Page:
MEDIA HEADLINER: New Loaded editor promises to resurrect iconic lads' mag

Martin Daubney's zest and contacts book are his key weapons.

The editor's seat at Loaded is IPC's most precarious. The previous editor, Scott Manson, lasted just ten months and the magazine has had three editors in under a year.

Loaded's new man is Martin Daubney, deputy to Manson for the past seven months, and his fighting talk suggests that he'll get his armoury out if IPC calls time.

"I'm totally dedicated to this job," Daubney declares. "I have a blow-up mattress and a foot-pump by the desk so I can just roll into bed at night. It will take blood, sweat, tears, adrenaline and probably a few drinks."

At 33 years old he may be a decade older than the typical red-blooded Loaded reader, but he promises he's up for anything. Which is just as well, given the Herculean task ahead of him.

He inherits a magazine which, in the latest ABC audit, experienced the second-largest fall in period-on-period circulation after Front, slipping just under 10 per cent to 261,937. It's still the second-biggest seller in the men's market after FHM, but Maxim is not far away at 251,117 copies a month.

Daubney's mark is already on the magazine. His enthusiasm for a more interactive approach with readers is apparent, introducing features such as "Britain's Sexiest Barmaid" and "Photo-booth Challenge", where readers' girlfriends flash their assets for £50. His promise that he "lives the (Loaded) lifestyle, I don't make it up" seems to hold up, with the latest issue featuring him and Manson (Scott, not Marilyn) trying out "a bag of acid" to see if they could get any artistic inspiration.

His immediate pedigree is firmly in the "tits 'n' arse" vein. He was the editor of and buffed up his tabloid credentials as the editor of the News of the World's "Sin Bin" page. Daubney describes his stint on the NoW as: "Like starting big school - fucking terrifying. I needed to know I could do it."

Although he dismisses rival FHM as "the kind of magazine suburban nerds buy" he was the features editor on the title in the late 90s. The one surprising entry in his CV is his stint at the women's weekly Bella, where he progressed from writer to commissioning editor. This experience, Daubney says, "made me focus on readers". And he hasn't forgotten his finest hour on Bella: "Writing about a couple from Wolverhampton who were sued over a cup of tea."

Daubney has set himself a deadline of one year to get things shipshape at Loaded. "I want Loaded to be the coolest, sexiest magazine in Britain with a rising circulation." He has a number of schemes up his sleeve: "I've completely revamped sections and revved up what makes Loaded unique - fearlessness and hedonism." Which includes boosting the magazine's celebrity content. "The number one challenge is getting better covers," Daubney says. "I'm looking to hire a celebrity go-getter to march around town with an envelope of money, kicking doors in."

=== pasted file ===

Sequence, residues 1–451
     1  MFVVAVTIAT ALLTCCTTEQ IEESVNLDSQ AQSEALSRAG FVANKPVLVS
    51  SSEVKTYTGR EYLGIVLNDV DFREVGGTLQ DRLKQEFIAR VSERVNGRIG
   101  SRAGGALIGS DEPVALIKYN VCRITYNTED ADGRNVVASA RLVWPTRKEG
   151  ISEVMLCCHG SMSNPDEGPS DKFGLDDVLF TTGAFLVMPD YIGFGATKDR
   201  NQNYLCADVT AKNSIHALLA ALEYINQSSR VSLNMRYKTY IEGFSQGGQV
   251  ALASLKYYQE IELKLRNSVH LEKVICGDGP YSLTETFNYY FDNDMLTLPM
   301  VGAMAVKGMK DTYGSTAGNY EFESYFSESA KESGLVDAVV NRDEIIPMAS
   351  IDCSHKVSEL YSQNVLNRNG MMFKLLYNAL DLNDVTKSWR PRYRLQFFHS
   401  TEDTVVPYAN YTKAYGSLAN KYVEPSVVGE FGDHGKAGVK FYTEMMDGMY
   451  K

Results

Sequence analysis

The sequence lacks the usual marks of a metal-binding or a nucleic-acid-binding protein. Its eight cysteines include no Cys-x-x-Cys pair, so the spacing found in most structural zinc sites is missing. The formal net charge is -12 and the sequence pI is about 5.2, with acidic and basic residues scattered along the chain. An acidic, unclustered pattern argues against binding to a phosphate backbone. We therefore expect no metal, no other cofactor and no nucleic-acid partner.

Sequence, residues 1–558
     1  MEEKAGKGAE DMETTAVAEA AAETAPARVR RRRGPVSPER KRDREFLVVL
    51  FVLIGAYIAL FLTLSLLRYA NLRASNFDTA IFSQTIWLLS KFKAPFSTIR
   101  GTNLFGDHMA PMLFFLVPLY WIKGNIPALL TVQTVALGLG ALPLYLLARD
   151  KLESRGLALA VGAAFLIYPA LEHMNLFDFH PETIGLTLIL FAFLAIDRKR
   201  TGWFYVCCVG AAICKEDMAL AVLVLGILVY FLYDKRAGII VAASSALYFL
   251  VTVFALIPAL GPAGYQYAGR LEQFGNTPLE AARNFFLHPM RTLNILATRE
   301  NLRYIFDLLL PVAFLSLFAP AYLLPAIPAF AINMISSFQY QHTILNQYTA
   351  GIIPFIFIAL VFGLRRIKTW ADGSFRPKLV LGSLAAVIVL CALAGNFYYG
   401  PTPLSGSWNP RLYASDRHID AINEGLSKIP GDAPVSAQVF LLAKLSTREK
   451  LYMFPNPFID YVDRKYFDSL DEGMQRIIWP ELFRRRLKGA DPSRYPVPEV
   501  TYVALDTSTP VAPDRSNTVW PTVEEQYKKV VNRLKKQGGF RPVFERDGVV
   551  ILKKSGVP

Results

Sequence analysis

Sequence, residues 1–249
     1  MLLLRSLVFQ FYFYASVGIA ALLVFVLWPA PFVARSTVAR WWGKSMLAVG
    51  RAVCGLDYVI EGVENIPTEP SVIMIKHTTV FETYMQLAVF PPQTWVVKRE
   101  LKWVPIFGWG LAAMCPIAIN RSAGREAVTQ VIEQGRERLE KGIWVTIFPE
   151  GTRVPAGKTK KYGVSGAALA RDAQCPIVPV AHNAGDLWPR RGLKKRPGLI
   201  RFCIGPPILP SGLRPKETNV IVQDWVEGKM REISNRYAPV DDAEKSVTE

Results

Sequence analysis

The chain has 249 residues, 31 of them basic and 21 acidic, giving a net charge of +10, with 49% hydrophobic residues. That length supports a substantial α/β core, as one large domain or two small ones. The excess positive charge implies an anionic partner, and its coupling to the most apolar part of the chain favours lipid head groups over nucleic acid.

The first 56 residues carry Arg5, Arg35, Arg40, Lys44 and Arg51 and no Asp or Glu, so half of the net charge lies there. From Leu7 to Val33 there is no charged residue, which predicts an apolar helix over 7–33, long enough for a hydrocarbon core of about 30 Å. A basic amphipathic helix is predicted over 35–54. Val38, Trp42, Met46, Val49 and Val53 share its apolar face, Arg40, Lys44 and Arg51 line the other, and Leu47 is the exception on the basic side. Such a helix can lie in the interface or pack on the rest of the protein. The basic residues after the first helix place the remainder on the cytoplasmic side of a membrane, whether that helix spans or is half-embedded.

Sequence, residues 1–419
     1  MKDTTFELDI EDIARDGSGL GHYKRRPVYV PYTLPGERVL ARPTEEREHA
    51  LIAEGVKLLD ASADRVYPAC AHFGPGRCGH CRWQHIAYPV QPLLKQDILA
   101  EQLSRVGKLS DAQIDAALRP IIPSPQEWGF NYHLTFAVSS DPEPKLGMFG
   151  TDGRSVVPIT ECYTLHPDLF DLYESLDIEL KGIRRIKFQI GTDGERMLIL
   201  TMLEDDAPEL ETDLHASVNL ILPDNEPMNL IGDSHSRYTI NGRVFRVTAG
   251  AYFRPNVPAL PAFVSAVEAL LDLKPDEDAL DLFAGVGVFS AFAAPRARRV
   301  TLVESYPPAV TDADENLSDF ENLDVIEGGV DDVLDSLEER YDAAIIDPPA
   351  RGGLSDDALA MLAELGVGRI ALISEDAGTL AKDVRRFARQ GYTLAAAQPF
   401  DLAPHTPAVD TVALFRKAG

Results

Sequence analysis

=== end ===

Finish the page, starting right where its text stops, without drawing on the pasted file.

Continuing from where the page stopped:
He says that IPC will invest in the title, with point-of-sale promotion and a number of media stunts to bring the brand back on to lads' radars.

The group publishing director of IPC Ignite, Eric Fuller, backs this up: "The IPC board has voted for a substantially increased marketing budget for 2004 as sales have consolidated and we have seen increased marketing activity from all of our competitors."

Media observers believe Loaded has to develop its character to differentiate itself in an increasingly homogenised market. Duncan Sillence, the business director at Starcom Motive, says: "There's huge choice in the market and it's not as good as its competitors. It's gone from being an iconic brand to being a commodity in five years."

Nik Vyas, an associate director at ZenithOptimedia, adds: "In trying to out-FHM FHM, many titles have merely upped their 'nipple count' without capturing the fun element that makes the market leader successful." But he believes that Daubney can revive Loaded: "He'll shake things up and use his contacts to get decent cover stars, which will hopefully translate into increased sales at the newsstand."

Dylan Jones, the editor of GQ, hopes IPC will give Daubney a good run at the job, but believes Loaded is stuck in a time warp. "The problem with Loaded is that it is a magazine of its time. If you want the things that Loaded used to deliver, then look at Jack, it's what Loaded was ten years ago - ridiculously lowbrow, but funny."

But Fuller believes Daubney will deliver and declares: "He's a real natural for the job with leadership skills, presence and charisma."

Clive Milner, the managing director of Times Newspapers Limited, and an old boss of Daubney's, comments: "Martin literally lives the life. He has fresh ideas and angles which I'm sure he will put to full use at Loaded."

Daubney is realistic about the task ahead. "There's a job on here, but I'm up for it," he storms. He'll need to be if he's to last longer than his predecessors.


1995: Bella, staff writer rising to commissioning editor

1997: FHM, features editor

2000:, editor

2001: News of the World's Sin Bin pages, editor

2003: Loaded, deputy editor

2003: Loaded, editor


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